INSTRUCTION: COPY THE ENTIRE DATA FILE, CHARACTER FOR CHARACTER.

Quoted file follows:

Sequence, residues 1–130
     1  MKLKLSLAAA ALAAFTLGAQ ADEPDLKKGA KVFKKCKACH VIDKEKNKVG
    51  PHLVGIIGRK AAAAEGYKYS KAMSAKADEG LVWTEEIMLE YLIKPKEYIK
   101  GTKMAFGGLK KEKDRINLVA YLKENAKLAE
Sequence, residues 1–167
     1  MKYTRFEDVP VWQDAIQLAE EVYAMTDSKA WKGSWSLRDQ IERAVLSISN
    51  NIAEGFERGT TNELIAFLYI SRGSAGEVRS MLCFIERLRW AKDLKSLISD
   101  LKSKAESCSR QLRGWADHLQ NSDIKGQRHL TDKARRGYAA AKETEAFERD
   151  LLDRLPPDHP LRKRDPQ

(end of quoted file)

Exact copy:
Sequence, residues 1–130
     1  MKLKLSLAAA ALAAFTLGAQ ADEPDLKKGA KVFKKCKACH VIDKEKNKVG
    51  PHLVGIIGRK AAAAEGYKYS KAMSAKADEG LVWTEEIMLE YLIKPKEYIK
   101  GTKMAFGGLK KEKDRINLVA YLKENAKLAE
Sequence, residues 1–167
     1  MKYTRFEDVP VWQDAIQLAE EVYAMTDSKA WKGSWSLRDQ IERAVLSISN
    51  NIAEGFERGT TNELIAFLYI SRGSAGEVRS MLCFIERLRW AKDLKSLISD
   101  LKSKAESCSR QLRGWADHLQ NSDIKGQRHL TDKARRGYAA AKETEAFERD
   151  LLDRLPPDHP LRKRDPQ